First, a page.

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Title: Regulation of gene expression in human brain using transcriptome sequencing
Author: Guelfi, Manuel Sebastian
ISNI:       0000 0004 7661 1158
Awarding Body: UCL (University College London)
Current Institution: University College London (University of London)
Date of Award: 2019
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Characterising the molecular mechanisms underlying disease risk variants identified in genome-wide association studies (GWAS) is of major interest. Expression Quantitative Trait Loci (eQTL) mapping studies provide a genome-wide characterisation of the impact of common genetic variation on gene expression and splicing and therefore have the potential to achieve this. In this thesis, I investigated the effect of common genetic variants in human brain through eQTL analysis. As part of the UK Brain Expression Consortium project, the analyses in this PhD thesis were performed on whole transcriptome RNA sequencing data from neuropathologically normal human post-mortem brain. I conducted eQTL analyses on putamen and substantia nigra using different types of quantification in order to interrogate regulation at different stages of RNA processing. This analysis pointed to splicing as an important process for the pathogenesis of Parkison's Disease. Thus, I identify not only disease-relevant regulatory loci but also the types of analyses yielding the most disease-specific information. Due to the limitations of current gene annotation and the complex transcriptomic landscape in human brain, I investigated transcription and splicing in the hippocampus using annotation-agnostic methods. This not only revealed the existence of widespread gene misannotation in the human brain, but also revealed the limitation of current quantification methods to capture transcriptome complexity in brain. Therefore, a reference-free eQTL analysis was performed and by testing for eQTL-GWAS co-localisation I found that incomplete annotation of the brain transcriptome limits the interpretation of risk loci for neurological disorders. I anticipate that analyses of this kind will have an increasing impact on our understanding of a range of disorders, but are likely to have most impact on neurological and neuropsychiatric disorders because of the high transcriptome complexity of human brain tissue.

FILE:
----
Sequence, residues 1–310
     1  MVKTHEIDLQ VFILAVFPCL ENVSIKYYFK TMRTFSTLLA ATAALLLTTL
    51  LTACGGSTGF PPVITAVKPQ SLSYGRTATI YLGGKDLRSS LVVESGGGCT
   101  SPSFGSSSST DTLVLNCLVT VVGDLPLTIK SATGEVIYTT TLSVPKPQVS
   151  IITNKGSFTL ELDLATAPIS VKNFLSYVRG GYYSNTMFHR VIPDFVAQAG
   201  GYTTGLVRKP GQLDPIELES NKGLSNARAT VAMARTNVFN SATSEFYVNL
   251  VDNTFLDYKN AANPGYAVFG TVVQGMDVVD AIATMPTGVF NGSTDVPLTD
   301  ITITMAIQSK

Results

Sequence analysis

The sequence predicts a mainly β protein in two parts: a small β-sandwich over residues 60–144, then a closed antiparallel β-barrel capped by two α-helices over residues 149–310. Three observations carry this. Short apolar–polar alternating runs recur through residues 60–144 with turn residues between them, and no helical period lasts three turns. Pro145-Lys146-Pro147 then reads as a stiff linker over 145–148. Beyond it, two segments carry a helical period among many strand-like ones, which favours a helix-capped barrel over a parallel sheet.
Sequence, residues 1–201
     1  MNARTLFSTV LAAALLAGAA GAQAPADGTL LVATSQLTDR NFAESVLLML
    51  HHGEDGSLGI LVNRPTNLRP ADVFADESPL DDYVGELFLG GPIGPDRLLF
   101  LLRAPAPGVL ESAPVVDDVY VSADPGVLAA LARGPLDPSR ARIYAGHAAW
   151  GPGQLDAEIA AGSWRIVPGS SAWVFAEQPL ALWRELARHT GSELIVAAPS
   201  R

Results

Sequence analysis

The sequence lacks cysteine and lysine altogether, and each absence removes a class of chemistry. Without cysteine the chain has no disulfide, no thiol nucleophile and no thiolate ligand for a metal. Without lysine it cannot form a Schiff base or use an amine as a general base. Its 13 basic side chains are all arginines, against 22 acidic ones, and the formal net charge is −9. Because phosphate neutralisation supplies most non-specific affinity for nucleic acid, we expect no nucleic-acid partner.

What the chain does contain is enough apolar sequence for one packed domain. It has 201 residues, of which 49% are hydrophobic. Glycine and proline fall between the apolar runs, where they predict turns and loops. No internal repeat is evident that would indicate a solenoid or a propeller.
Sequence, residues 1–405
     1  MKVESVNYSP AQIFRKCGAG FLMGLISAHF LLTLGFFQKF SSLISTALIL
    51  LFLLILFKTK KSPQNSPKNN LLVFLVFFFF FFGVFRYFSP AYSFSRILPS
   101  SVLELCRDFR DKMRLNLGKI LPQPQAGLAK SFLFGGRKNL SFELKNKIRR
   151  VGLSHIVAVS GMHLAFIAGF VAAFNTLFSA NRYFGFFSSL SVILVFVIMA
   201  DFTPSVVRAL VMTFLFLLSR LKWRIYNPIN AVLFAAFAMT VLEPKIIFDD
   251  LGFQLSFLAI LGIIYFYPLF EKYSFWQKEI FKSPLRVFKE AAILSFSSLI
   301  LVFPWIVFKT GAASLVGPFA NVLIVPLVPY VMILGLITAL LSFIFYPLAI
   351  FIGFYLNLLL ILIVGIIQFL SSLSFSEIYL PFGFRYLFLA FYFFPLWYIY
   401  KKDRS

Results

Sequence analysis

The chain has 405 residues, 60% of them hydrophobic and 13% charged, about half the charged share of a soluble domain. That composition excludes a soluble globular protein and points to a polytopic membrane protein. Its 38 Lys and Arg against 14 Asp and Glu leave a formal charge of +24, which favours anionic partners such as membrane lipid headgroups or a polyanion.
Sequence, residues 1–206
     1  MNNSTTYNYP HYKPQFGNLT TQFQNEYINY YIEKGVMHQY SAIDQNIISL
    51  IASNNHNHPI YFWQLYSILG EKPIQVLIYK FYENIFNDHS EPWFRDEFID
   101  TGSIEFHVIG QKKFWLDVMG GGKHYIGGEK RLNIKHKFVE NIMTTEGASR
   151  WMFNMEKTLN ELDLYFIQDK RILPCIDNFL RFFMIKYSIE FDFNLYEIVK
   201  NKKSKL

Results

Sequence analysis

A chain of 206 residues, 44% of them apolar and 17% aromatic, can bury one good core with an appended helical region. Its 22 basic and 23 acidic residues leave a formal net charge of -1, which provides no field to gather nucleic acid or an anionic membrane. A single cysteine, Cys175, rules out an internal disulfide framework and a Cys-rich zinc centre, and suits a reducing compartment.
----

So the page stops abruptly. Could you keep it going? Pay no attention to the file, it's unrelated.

Supervisor: Ryten, M. ; Weale, M. ; Hardy, J. Sponsor: Not available
Qualification Name: Thesis (Ph.D.) Qualification Level: Doctoral
EThOS ID:  DOI: Not available